#108 Nov/Dec 1999

Capital Campaigns

Burdened by the typical funding limitation CDCs face – program specific, short term, restricted use, etc. – Isles, Inc. of Trenton, New Jersey decided to create an endowment – invested […]

Burdened by the typical funding limitation CDCs face – program specific, short term, restricted use, etc. – Isles, Inc. of Trenton, New Jersey decided to create an endowment – invested funds that over time should grow and offer financial returns in support of Isles’ work. Three years ago, Isles began its first capital campaign to raise $3 million for an endowment and $500,000 to build an environmental education center.

Like direct mail campaigns, capital campaigns are a long-term investment in an organization’s future. After spending one year doing a feasibility study, Isles started raising funds two years ago during a “silent period” in which wealthy individuals were approached to spearhead the drive and make early contributions. Isles held its official Campaign Kickoff Dinner last December. Today, we are over the $3 million mark and heading toward finalizing the campaign by the end of 1999.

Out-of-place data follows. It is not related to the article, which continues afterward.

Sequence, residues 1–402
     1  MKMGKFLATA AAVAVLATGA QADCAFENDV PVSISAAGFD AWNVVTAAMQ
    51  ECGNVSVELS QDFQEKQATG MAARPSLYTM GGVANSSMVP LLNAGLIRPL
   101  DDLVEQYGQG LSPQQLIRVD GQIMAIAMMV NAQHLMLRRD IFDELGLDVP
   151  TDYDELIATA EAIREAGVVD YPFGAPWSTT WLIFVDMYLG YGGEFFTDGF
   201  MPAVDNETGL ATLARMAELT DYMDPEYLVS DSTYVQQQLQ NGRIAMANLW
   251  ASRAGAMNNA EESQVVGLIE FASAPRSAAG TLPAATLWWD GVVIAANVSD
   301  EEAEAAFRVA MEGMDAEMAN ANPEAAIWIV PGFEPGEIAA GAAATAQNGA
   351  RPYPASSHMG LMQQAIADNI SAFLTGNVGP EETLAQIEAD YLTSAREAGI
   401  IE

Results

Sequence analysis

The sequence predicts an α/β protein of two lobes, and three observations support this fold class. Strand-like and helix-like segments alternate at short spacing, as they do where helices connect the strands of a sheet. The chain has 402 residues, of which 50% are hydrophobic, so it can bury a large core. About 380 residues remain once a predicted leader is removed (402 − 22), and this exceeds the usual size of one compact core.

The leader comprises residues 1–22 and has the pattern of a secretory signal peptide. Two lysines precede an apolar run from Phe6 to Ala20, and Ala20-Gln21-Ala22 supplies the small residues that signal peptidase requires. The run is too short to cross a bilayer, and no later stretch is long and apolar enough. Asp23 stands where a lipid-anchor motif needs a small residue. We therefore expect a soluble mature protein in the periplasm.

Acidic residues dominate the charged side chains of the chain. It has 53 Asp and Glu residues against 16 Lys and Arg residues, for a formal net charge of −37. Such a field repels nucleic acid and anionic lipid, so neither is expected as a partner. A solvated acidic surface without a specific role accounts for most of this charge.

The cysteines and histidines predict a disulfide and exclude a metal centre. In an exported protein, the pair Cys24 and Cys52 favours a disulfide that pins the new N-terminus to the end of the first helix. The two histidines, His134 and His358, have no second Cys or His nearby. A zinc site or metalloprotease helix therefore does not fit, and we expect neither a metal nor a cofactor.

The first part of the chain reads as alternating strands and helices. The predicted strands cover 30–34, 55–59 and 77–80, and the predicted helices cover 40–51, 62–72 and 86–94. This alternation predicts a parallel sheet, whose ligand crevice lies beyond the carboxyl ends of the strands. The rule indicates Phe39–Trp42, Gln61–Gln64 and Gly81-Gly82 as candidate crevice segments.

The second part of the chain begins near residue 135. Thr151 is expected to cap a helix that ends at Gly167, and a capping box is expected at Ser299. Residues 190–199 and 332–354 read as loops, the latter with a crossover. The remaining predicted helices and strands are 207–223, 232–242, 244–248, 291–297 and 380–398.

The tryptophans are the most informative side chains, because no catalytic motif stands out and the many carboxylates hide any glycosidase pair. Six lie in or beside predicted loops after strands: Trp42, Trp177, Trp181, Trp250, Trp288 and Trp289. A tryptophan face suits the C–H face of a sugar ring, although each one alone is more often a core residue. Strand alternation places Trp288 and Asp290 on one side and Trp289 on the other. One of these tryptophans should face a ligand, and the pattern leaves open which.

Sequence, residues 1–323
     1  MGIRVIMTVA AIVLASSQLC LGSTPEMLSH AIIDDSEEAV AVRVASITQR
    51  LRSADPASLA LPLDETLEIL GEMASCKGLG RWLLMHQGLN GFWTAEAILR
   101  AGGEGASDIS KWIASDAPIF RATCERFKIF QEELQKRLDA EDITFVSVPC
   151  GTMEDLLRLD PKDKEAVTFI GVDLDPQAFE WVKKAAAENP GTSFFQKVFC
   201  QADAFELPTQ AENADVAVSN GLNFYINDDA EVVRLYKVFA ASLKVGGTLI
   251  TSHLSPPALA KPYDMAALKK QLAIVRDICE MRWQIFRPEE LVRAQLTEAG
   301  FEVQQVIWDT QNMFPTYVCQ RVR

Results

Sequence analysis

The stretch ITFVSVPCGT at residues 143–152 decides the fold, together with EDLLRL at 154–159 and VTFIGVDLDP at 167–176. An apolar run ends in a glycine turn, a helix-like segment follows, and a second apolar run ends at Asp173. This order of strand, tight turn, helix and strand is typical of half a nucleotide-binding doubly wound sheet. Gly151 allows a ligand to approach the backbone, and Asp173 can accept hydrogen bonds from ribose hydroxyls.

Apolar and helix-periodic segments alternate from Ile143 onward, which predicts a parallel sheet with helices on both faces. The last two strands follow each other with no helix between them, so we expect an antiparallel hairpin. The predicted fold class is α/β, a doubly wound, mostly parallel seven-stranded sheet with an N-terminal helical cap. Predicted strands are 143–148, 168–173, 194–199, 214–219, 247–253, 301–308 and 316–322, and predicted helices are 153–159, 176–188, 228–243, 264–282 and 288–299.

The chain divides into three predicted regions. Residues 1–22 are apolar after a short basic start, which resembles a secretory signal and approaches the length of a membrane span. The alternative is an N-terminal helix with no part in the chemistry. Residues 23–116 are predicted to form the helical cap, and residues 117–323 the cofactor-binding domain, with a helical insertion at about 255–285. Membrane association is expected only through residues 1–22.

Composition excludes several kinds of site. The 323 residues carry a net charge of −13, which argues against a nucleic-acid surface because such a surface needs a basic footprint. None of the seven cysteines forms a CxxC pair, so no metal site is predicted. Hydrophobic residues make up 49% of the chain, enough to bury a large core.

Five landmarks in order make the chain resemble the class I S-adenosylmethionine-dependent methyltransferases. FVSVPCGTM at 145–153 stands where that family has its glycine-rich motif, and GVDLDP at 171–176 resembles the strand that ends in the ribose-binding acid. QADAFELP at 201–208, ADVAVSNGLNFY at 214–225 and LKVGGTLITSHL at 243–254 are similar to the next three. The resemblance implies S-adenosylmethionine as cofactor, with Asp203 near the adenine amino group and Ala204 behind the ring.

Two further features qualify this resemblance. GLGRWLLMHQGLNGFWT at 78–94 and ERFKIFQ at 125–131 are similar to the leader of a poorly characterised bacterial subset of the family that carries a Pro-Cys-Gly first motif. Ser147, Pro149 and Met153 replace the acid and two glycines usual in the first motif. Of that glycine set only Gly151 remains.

More than Money

We developed three primary goals for the campaign: to expand and deepen our work; to transfer authority and accountability from distant funders and other gatekeepers to target communities; and to bolster our ability to think, write, and share information with others. The campaign’s mission transcends funding. We work to engage the central New Jersey region in dialogues on race and class; approaches to social and environmental change; smart growth; and the roles community organizations like Isles, corporations, and other stakeholders play in these efforts. In effect, the campaign offers an excuse to spend time in living rooms throughout the region, testing our mission, message, and knowledge while broadening our ability to influence.